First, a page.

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Editors’ Choice: Knowledge in 3D – How 3D data visualization is reshaping our world

­How is humanities and social science knowledge impacted by the introduction of three-dimensional visualization technologies? While 3D visualization may seem far removed from the everyday work of scholars in the social sciences and humanities, it has great potential to change how we conduct and communicate our work.

Three-dimensional visualizations can be used for creating models, supplementing maps, developing games, printing objects, developing virtual environments, enhancing telecommunications, and housing simulations. They can be used to support retrospective and prospective analysis, exploration of counterfactuals, and representation of hybrid or alternate realities, particularly when they combine objects in 3D contexts. An art historian might want to understand how an artifact was perceived in context, or how a built structure looked in earlier eras, or to document an installation or exhibition. An archeologist might use 3D models or prints to complete a broken artifact or to reassemble a ruin. A sociologist might develop agent-based modeling in a 3D space to understand the social dynamics in a given location. A historian might explore 3D viewsheds to determine lines of sight and power. A linguist might construct a virtual environment for language learning. A literary scholar might build out a navigable imagined space as a form of nonlinear literary criticism. A statistician might display data in 3D infographics to aid in interpretation. And of course, artists, architects, and designers of all stripes might use 3D to create new objects and environments as well as use such techniques as a way to study those that already exists. All of these researchers in turn might communicate their work through multimodal, immersive, affective visualizations for public outreach, policy impact, or funding solicitations.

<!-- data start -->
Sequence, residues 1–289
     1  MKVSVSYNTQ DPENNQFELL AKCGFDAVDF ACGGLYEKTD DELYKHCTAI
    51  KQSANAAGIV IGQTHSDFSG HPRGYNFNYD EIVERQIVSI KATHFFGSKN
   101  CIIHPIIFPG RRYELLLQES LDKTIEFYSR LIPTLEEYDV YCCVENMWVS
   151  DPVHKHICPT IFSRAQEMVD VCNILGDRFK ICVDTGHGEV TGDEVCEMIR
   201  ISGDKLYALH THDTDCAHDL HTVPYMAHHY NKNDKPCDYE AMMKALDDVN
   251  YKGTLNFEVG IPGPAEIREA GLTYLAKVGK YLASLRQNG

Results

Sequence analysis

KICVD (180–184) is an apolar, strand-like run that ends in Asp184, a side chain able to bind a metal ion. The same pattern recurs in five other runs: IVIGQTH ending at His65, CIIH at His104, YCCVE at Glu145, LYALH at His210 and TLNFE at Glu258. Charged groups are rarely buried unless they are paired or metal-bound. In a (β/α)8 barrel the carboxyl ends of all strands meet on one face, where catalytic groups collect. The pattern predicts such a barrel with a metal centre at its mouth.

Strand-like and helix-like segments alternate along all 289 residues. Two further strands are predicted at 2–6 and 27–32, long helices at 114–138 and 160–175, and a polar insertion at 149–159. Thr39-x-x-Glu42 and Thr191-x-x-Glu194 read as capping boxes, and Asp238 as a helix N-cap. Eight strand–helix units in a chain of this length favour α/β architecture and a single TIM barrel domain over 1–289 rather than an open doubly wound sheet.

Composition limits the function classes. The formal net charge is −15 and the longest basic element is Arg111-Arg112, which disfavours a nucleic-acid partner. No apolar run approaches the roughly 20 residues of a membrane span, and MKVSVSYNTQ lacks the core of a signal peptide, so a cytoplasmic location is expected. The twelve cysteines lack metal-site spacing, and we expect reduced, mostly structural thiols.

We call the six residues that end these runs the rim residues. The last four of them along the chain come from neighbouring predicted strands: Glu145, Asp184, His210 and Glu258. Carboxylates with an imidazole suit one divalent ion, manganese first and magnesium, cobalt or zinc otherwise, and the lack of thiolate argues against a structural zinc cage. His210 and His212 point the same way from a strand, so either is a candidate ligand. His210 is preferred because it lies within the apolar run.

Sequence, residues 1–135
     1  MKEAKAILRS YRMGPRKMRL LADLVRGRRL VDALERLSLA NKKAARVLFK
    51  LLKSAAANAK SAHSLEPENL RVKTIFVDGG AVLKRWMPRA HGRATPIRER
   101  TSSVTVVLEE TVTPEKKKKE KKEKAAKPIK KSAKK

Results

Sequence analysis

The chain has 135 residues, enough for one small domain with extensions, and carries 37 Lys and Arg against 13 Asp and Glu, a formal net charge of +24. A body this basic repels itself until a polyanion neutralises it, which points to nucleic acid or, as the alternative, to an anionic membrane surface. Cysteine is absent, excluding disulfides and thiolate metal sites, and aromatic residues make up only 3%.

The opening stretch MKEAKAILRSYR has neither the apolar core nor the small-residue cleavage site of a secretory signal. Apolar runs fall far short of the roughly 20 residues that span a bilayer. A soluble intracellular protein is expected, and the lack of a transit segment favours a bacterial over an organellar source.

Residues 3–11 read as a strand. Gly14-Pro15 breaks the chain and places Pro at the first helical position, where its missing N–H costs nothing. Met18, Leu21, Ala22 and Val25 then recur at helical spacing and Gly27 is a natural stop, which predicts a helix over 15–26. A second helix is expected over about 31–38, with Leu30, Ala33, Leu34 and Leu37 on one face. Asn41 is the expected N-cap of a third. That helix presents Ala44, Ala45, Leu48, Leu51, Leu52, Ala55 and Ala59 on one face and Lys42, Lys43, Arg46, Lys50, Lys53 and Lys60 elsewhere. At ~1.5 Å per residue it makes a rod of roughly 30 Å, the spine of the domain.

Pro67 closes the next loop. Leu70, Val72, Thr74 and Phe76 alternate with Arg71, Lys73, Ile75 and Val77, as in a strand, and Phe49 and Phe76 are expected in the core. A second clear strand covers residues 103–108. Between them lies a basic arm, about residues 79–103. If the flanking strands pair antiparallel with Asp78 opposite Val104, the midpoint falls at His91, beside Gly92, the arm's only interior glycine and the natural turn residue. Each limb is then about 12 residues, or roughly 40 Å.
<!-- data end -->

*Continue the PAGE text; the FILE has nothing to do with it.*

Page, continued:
Although the technologies used to create them are daunting at first, these visualizations are becoming increasingly accessible to nonspecialist users, and the underlying conceptual approaches that they highlight are not new to the disciplines where they’re now being used. Designing and representing 3D space and objects in 2D images, text, and other forms comes naturally to us in many fields. Maps, plans, and networks fill the pages of social science research. Where and how people think, live, work, and interact are contextualized in historical and contemporary places, spaces, environments, and geographies. Artists and architects build their maquettes and design their structures and installations. The dimensional space of the stage, performance hall, or theater is a key component of the production. Lighting, acoustics, and movement are all part of the process. Museums and cultural heritage institutions have taken advantage of the rhetorical power of 3D for their interpretative exhibits for years.


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